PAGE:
Council of Mortgage Lenders: Current stock is key to solving housing crisis

The chief economist of the Council of Mortgage Lenders has said that better use of current stock is key to addressing the country’s housing supply crisis.

In a Council of Mortgage Lenders (CML) News and Views article, Bob Pannell said it was clear that the country needed more new homes.

However, he added that for the crisis to be averted a number of factors which were preventing best use of existing stock also had to be addressed.

Pannell argued that even if government policy helped to deliver the 300,000 new homes in the UK over the next decade, 90% or more of the housing stock that will exist by 2025 had already been built, and was being lived in by somebody.

Pannell said it was clear that demand was being increased by migration, increasing life expectancy and the growth in the number of single-person households, but listed a number of factors which he believed the Government needed to address to help solve the crisis. These included:

  • An ageing population that holds a disproportionately large amount of housing assets, which is under-occupying housing and is reluctant or unable to move.
  • Demand for rental properties is increasing because property prices were continuing to outstrip earnings, and first-time buyers had no housing equity growth to draw upon – unless it was from their parent.
  • Although landlords were helping to improve the level of rental property, they tend to expand their portfolios, and therefore do not release much property back on to the market.

Pannell also said promoting more activity within the current stock would help. He said: “Helpfully, government policy often focuses on encouraging new housing construction, and this is essential (although not sufficient) in helping deliver a long-term solution.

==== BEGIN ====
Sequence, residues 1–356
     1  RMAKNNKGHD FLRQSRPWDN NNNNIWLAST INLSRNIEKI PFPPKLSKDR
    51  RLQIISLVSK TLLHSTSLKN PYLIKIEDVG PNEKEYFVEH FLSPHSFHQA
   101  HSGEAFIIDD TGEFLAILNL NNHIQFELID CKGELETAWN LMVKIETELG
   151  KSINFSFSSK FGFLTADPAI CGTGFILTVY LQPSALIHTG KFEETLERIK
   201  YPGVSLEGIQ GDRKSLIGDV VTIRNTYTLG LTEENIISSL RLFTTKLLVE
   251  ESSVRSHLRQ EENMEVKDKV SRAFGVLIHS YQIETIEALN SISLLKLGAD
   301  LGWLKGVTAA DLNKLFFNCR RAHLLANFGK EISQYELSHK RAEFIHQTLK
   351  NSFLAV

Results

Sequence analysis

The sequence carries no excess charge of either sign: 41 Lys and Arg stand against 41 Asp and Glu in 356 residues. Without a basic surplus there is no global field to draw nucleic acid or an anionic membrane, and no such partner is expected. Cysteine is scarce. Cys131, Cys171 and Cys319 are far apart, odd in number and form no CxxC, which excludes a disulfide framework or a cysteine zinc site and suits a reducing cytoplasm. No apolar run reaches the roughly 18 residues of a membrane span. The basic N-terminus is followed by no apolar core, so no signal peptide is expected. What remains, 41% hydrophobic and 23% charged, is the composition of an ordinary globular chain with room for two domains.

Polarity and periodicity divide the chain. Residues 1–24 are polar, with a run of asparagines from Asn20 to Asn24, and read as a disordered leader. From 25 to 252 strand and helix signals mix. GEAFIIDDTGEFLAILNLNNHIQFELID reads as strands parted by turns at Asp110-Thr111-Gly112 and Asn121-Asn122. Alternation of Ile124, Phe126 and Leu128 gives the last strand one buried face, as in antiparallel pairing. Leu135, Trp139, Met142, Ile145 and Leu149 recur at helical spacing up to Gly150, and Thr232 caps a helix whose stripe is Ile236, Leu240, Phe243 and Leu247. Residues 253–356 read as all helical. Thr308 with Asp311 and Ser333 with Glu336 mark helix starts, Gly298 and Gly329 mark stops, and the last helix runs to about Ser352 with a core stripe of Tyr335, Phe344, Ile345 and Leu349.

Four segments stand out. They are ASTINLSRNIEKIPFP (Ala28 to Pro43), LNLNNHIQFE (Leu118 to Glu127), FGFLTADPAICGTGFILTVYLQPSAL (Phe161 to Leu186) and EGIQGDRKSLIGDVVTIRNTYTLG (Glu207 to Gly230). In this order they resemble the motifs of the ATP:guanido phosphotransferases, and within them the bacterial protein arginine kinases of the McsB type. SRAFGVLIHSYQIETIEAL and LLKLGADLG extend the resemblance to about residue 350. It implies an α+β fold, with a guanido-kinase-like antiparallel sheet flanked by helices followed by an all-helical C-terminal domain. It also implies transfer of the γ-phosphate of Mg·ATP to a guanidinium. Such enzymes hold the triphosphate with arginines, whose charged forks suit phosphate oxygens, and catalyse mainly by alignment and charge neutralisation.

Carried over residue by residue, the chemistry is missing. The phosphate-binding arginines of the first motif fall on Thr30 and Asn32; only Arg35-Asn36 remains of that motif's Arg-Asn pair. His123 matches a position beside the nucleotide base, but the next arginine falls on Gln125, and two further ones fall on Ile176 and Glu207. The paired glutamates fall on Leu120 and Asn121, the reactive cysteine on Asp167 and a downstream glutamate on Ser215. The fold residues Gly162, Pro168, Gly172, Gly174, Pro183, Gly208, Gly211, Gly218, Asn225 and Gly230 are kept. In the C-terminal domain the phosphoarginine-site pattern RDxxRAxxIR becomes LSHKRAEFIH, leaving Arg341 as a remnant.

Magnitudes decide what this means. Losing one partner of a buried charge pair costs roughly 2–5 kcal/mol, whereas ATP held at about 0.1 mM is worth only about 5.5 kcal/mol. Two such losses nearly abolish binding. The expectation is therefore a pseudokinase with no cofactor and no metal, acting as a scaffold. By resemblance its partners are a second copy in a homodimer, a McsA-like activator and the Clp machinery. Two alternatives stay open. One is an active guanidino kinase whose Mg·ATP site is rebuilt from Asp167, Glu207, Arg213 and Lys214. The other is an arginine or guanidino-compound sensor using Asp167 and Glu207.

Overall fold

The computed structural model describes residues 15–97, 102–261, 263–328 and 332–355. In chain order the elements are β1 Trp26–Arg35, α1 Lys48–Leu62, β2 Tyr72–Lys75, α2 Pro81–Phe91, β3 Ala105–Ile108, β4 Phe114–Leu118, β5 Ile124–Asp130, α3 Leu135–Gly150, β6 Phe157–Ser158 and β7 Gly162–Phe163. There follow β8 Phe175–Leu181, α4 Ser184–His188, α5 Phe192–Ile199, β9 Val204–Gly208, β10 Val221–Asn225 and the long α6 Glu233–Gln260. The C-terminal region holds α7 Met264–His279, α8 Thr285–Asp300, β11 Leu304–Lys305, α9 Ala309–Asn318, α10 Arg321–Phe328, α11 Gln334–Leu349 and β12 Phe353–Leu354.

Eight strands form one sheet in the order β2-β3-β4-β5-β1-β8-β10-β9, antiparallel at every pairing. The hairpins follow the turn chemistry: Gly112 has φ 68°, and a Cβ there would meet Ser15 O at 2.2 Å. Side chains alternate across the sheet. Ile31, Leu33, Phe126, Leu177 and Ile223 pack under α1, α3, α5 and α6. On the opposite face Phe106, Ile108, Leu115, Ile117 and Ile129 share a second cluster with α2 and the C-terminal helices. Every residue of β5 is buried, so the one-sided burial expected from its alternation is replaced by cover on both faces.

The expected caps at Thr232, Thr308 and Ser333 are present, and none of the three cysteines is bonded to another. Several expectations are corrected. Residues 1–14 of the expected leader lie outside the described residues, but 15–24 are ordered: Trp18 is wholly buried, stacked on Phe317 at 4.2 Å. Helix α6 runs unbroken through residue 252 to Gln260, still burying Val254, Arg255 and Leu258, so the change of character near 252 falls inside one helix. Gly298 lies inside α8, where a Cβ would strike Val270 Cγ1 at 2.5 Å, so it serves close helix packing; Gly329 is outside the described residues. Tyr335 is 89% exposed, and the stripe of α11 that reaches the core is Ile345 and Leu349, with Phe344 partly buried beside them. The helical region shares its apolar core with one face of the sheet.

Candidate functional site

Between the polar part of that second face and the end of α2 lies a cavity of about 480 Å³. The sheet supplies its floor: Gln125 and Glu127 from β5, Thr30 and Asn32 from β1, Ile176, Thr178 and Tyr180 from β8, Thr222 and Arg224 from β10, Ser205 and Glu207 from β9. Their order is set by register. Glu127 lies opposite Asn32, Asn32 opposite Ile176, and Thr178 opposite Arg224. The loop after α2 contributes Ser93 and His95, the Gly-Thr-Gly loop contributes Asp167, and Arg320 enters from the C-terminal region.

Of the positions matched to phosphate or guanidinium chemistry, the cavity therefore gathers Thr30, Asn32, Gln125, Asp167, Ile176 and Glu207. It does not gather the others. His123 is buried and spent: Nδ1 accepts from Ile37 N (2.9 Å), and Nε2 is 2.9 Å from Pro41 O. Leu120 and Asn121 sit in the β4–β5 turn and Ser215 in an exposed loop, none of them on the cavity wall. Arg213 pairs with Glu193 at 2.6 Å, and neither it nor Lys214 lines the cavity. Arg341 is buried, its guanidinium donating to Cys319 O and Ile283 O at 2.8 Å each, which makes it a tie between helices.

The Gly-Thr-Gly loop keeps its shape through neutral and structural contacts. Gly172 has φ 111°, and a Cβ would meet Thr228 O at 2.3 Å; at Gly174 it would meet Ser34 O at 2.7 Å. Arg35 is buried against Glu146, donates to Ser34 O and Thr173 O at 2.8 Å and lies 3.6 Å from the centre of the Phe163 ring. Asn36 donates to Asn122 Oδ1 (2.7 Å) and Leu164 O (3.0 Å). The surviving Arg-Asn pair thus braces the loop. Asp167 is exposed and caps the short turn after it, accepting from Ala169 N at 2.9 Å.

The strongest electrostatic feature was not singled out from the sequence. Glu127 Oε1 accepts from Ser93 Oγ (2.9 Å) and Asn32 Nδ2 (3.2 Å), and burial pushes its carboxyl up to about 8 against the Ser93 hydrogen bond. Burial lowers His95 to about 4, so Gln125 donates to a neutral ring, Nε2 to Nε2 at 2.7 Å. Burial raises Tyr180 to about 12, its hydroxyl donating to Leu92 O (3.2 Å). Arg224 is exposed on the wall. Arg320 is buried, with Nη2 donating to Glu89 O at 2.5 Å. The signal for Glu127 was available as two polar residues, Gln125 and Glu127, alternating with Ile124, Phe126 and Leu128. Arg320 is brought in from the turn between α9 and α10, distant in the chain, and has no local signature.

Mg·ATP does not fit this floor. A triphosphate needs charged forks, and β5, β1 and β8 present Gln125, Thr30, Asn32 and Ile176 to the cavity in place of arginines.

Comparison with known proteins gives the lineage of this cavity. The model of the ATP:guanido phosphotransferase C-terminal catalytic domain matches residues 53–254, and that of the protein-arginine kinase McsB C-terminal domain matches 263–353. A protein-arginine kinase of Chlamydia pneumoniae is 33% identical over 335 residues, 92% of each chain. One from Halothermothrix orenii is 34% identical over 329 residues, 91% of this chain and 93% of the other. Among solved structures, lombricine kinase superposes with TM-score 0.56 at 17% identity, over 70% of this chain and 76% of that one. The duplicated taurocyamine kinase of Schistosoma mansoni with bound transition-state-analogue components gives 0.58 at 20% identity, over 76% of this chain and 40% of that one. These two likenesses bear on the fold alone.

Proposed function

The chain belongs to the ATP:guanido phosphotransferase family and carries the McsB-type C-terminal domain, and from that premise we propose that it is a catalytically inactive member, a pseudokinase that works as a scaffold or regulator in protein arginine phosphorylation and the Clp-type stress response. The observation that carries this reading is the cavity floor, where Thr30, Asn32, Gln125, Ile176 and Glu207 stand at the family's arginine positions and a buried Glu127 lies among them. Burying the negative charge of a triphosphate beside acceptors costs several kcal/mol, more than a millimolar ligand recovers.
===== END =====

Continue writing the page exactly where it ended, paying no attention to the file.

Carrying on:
“But we should not forget that the vast majority of housing supply in any period comes from those selling existing stock. Promoting more activity across the market as a whole may help to encourage both more efficient use of existing housing and the marketability of new homes.

“In particular, the government should not forget that taxation plays an important role in influencing liquidity in the property market and the efficient use of housing.

“Recent reforms may have improved the structure of stamp duty by removing some of its price distorting effects, but it is difficult to disagree with the Institute for Fiscal Studies that these reforms have transformed stamp duty from a “very bad” tax into merely a “bad” one.”

He said: “It’s tempting to say that we are still recovering from the effects of the credit crunch. And while that’s true, a range of deep-seated and inter-related problems in the housing market is holding back a recovery in transactions.

“They present fundamental and long-term challenges, and will not easily be solved.

“As a result of these factors, we now have a dysfunctional housing market, beset by long-term structural problems that are difficult to address.”


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